The massive manhunt for Brian Laundrie in the expansive Florida wildlife reserve has dragged on for weeks, with a former FBI agent now suspecting Gabby Petito's fiancé fled the state altogether with some help.
Laundrie has remained under the radar for three weeks now after his parents, Chris and Roberta, first reported him missing on Friday, September 17. Three days prior, they told authorities he went camping in Carlton Reserve — which is nearly 25,000 acres — leading law enforcement to search the grounds high and low. However, they have yet to find any trace of him besides the remnants of a recently made campsite.
The lack of any reported clues and extended probe in the area led Bryanna Fox — an associate professor of criminology at the University of South Florida and former FBI agent — to suspect the most wanted man in America may have already crossed state lines.
"It seems unlikely that he's still in that reserve,” Fox told NBC News. “They did not find any trace of him so far. It's been weeks.”
The former agent noted the 23-year-old probably did not hitch a ride or get on a bus to flee because that would be too much exposure. According to Fox, it's likely he secured financial backing from someone close to him so he could remain in the wind as the FBI, Duane "Dog The Bounty Hunter" Chapman and rest of the world look for him.
"The idea that nothing has been said reinforces to me that he was likely getting help," Fox told the outlet, noting: "Obviously, that person would have to be very loyal and very close to him ... to not compromise his identity."
Meanwhile, authorities continue to stage search parties at the reserve in Venice, Flor., that is swarming with poisonous snakes, alligators and insects.
She also pointed out it was unlikely Laundrie — who was named a person of interest days before his fiancée was found dead in Grand Teton Park in Wyoming — could survive for this long in the wildlife refuge given the unsafe environment.
"These factors that are here in Florida, a subtropical environment, are known to degrade evidence," she continued. "Imagine a massive landscape that's extremely dangerous. There are snakes, gators and animals."
Adding to the danger of the area is the unforgiving weather. “There is rain, torrential downpours that come down out of the blue," Fox explained. “It's hot."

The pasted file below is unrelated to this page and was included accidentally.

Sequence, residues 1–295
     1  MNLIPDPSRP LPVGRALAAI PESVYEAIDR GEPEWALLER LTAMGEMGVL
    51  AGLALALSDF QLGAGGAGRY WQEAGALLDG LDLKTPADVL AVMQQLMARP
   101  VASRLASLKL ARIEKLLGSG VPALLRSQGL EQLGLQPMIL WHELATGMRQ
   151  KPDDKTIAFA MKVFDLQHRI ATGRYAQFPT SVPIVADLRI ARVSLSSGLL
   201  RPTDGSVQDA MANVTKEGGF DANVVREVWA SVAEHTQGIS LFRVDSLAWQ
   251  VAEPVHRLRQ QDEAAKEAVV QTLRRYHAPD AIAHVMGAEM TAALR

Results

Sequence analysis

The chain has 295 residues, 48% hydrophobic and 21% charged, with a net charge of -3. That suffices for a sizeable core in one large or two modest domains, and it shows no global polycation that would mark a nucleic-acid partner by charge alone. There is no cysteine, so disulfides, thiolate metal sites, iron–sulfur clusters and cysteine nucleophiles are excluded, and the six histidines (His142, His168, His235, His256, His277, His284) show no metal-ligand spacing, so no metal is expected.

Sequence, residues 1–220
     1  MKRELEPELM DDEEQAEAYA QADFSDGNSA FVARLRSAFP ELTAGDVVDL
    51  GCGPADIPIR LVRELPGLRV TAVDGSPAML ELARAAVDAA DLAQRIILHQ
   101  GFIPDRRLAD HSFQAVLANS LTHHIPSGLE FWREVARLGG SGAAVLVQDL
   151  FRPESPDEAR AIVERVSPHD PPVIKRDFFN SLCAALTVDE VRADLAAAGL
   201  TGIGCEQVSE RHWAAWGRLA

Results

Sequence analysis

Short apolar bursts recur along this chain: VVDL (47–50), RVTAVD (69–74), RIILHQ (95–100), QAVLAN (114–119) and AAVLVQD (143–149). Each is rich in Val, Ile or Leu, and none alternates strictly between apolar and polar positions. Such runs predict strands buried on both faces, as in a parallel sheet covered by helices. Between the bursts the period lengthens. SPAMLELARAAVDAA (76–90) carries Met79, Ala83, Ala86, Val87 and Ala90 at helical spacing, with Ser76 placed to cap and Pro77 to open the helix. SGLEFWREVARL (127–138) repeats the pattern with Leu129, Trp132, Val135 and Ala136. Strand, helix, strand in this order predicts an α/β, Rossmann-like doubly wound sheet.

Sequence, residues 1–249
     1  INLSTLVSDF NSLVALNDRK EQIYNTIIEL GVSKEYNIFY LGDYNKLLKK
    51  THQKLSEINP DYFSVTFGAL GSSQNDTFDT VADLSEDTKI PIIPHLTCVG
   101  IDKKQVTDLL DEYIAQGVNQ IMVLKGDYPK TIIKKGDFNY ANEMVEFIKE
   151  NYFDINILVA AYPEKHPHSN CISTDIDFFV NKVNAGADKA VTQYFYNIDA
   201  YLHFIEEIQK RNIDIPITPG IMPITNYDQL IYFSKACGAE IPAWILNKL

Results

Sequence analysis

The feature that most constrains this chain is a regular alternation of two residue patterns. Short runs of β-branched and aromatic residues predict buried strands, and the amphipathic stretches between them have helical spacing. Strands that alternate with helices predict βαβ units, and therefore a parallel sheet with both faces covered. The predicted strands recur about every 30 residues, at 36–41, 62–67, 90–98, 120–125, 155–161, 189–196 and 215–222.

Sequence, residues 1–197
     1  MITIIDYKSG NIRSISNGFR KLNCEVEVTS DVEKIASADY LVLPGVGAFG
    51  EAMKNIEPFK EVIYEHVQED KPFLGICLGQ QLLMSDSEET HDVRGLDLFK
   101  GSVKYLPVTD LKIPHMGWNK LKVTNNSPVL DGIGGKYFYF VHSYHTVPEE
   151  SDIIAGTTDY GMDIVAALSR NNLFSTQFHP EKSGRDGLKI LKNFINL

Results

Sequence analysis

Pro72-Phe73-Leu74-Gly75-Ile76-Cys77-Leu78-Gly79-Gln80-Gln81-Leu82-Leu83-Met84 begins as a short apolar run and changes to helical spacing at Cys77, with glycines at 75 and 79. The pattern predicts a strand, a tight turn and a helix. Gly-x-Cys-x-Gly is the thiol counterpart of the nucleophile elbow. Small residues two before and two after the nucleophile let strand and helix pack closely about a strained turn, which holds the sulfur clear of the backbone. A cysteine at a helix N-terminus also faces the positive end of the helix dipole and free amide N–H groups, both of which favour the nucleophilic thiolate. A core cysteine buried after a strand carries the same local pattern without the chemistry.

While authorities continue to search the Carlton Reserve, Chapman — who joined the manhunt on September 25 — has been looking for Laundrie in the 1,136 acre Fort de Soto island campground, where it was discovered that Laundrie and his family stayed on September 6, days after he returned home alone from the couple's cross-country road trip in Petito's van.
The famed bounty hunter also believes Laundrie could be hiding out on the Appalachian trail, which is by the border of Tennessee and North Carolina. A hiker recently claimed they ran into Laundrie and said he asked for directions to California so he could visit his girlfriend. However, the witness pointed out that the "wigged out" man, who was believed to be Laundrie, said he would only take back roads.
Petito's parents reported her missing after authorities revealed her van was back in the state on September 11. Days before Laundrie disappeared, his parents said he went hiking on Tuesday, September 14, and never returned home. They have since retracted their claim, clarifying that they last saw their son on Monday, September 13.
Laundrie's dad recently revealed he went searching the reserve on September 13 after his son didn't come home. The following day, both Chris and Roberta returned to the reserve to only find their son's vacant car, which they drove home on September 15. There is also a search warrant out for Laundrie regarding his use of an “unauthorized access device” following the death of the 22-year-old influencer.